In explaining how to play craps, I’ve always tried to tell people to keep in mind that odds and probability are two completely separate and very different things. Usually people are too busy trying to wrap their heads around the basic rules of the game to even start on the “odds vs probability” concept. I’ve always wished there was a better, but similar, example that didn’t distract people with thoughts like “What’s a field bet?” Then I came across this stuff about Yahtzee on the internet which seems to cover the same concept.
So, since far more people are familiar with Yahtzee*:
A Yahtzee, as most people who’ve played the game know, is when all five dice have a matching number. The odds are 1 in 1296 of rolling a Yahtzee in one toss of all five dice. If (when) you miss, you were to roll all five dice repeatedly over and over until you rolled a Yahtzee, each roll would increase your probability of rolling a Yahtzee by just a little bit.
However, the probability of your rolling a Yahtzee doesn’t change in matching fashion with your number of rolls in relation to the 1296. In other words if you’ve rolled 100 times, probability doesn’t dictate that you’ll definitely roll a Yahtzee within the next 1196 rolls. Oh yeah, and your odds never change.
Your odds of rolling a Yahtzee are 1 in 1296 with each and every roll of the dice. Dice are indifferent to the results of the previous roll. Because of this indifference, probability diverges from odds and you don’t have a 100% probability of hitting the Yahtzee within the 1296 rolls. It has to do with exponentiation, a concept I’m not going to explain in this blog post because those of you who get it are already ahead of me and those that don’t will stop reading in frustration. In fact, I barely have a grasp on it myself.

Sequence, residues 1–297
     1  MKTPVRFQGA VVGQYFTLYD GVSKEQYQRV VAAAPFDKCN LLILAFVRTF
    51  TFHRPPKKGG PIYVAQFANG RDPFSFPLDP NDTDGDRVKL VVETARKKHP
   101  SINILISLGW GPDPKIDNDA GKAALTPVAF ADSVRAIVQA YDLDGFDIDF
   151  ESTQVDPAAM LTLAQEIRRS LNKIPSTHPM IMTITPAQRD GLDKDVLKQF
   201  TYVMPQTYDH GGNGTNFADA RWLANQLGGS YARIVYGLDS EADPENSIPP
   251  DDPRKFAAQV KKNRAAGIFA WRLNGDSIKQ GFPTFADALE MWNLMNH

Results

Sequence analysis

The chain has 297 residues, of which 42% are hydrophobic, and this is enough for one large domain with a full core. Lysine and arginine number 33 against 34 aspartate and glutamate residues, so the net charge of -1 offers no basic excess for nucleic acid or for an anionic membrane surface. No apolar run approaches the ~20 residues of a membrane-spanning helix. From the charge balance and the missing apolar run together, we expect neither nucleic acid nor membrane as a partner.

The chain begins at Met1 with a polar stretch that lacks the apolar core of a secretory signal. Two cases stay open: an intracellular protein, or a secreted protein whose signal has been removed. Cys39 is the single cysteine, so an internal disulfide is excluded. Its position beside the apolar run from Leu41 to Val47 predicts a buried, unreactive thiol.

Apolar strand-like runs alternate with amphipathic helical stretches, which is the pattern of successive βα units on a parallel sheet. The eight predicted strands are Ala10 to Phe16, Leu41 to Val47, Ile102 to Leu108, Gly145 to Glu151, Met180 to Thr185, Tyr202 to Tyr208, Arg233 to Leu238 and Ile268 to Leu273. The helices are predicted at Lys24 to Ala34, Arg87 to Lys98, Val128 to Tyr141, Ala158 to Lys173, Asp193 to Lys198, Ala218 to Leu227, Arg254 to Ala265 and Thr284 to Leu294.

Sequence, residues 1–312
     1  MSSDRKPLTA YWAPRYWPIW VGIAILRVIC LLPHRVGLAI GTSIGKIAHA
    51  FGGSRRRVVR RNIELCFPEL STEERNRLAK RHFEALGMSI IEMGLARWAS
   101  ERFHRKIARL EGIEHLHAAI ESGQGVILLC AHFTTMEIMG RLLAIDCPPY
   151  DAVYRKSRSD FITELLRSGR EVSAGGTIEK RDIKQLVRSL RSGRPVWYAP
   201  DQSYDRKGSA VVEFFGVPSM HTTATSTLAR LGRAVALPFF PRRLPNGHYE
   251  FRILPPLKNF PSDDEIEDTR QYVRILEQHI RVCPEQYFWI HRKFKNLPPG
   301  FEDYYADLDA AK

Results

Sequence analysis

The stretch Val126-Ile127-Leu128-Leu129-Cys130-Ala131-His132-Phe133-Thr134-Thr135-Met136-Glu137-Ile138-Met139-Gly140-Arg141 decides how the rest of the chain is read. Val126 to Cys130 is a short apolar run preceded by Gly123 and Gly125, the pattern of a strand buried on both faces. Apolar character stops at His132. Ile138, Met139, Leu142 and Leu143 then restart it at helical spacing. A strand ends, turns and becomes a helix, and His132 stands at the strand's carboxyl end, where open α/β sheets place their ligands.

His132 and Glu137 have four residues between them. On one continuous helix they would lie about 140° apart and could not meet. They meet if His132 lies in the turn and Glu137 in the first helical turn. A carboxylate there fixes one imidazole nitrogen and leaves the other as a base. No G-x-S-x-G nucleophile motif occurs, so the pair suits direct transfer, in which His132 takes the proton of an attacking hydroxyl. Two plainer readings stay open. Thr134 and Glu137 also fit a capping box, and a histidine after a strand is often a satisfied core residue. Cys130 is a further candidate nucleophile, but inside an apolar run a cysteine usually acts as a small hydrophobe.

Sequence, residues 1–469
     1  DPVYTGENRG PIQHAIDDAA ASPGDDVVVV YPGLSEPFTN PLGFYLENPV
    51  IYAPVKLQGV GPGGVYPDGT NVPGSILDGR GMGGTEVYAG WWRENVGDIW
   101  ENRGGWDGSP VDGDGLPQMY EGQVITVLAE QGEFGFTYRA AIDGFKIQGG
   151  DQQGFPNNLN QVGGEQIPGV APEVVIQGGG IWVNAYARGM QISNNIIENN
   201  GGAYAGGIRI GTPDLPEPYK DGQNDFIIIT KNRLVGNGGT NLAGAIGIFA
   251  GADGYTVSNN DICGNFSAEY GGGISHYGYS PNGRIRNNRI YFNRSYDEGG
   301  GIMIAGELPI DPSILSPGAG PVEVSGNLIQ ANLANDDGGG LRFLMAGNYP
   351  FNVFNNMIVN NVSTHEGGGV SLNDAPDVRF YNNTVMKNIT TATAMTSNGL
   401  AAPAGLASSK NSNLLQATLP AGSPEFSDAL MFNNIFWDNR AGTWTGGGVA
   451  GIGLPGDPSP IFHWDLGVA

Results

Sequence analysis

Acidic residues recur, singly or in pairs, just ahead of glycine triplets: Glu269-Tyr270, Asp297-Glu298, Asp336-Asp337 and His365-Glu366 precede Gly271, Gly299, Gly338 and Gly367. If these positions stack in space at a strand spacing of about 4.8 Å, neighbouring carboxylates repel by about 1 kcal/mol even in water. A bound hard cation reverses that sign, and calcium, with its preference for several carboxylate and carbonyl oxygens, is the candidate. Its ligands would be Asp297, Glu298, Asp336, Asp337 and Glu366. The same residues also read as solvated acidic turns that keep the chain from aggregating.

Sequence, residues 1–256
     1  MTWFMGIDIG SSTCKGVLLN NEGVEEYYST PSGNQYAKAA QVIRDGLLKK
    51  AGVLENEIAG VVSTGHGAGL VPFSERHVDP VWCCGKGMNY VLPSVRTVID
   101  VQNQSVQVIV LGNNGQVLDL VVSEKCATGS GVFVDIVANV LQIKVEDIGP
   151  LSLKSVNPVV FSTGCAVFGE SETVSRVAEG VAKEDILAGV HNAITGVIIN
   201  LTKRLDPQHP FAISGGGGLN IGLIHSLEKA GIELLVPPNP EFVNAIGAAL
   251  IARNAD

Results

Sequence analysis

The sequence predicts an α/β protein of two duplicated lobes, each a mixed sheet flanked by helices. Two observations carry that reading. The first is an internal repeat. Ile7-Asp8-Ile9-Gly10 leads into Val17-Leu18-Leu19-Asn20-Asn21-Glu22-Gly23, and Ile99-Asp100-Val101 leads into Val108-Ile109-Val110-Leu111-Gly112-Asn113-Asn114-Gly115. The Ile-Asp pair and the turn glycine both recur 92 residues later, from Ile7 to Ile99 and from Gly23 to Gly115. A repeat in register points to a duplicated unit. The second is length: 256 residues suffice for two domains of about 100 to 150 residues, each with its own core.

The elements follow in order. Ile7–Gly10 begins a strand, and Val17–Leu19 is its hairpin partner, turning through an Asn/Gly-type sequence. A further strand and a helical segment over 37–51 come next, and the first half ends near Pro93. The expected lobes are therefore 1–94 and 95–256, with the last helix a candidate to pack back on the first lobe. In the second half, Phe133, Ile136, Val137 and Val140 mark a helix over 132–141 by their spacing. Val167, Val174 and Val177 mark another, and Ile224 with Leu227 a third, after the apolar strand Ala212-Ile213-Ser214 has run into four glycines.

You have a 63% of rolling a Yahtzee (37% chance of failure) in 1296 rolls. Within 2920 rolls you have about a 90% probability of rolling a Yahtzee. Odds and probability don’t match up mathematically except on the very first roll (and with zero rolls but that’s a whole different matter altogether). Ain’t that a bummer?
This concept applies to craps as well, however the percentages of success/failure (rolling a seven) are a much different being that there are only two dice but six number combinations involved (vs five dice and six combinations for Yahtzee). In craps, the probability curve is a lot tighter and you’re fairly likely to roll the seven within seven rolls. In fact, on the third roll, the percentage is close to 52%. On the fourth, it’s about 77%.
Seven is the most common number rolled because it’s the most common combination on two dice. There are six ways to get a seven and only four ways to get a five. The odds (and first roll probability) of rolling a five are 4 in 36, which is going up against “seven out seven” odds of 6 in 36. While the probability of rolling a five increases with each roll, the probability of rolling a seven increases at a greater rate, for example (4/36)3 for a five vs (6/36)3 for a seven in three rolls.
The thing about this probability calculation, however, is that it’s an empirical measurement using a finite number of rolls. For example, the probability of not rolling a seven in craps within three rolls is (5/6)3. However, the finite number of rolls is not predetermined in craps, it’s determined by the occurrence of the result (“seven out seven”). Because of this, before the seven is rolled, probability is more abstract than empirical.
I’ve lost you, haven’t I?
OK, just try to keep in mind that odds and probability are not the same thing. Each time you roll the dice, your odds of getting a seven are the same. Each time you roll the dice after a not rolling a seven, the probability of hitting seven increases a little bit. Fairly quickly, if a seven is not rolled, the probability of rolling a seven will far surpass the odds and almost dictate it’s happening.
Oh yeah, then there’s the randomness of the statistical outliers (a “hot roller”) that make you feel virtually immortal and start taking silly risks. Doubled your money at a hot table? It’s called “probability” for a reason. Yeah… walk away while you’re still up and hit the buffet.
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*By the way, this is meant to be more humorous than informational.
Of course, to those who truly know me, this is obvious.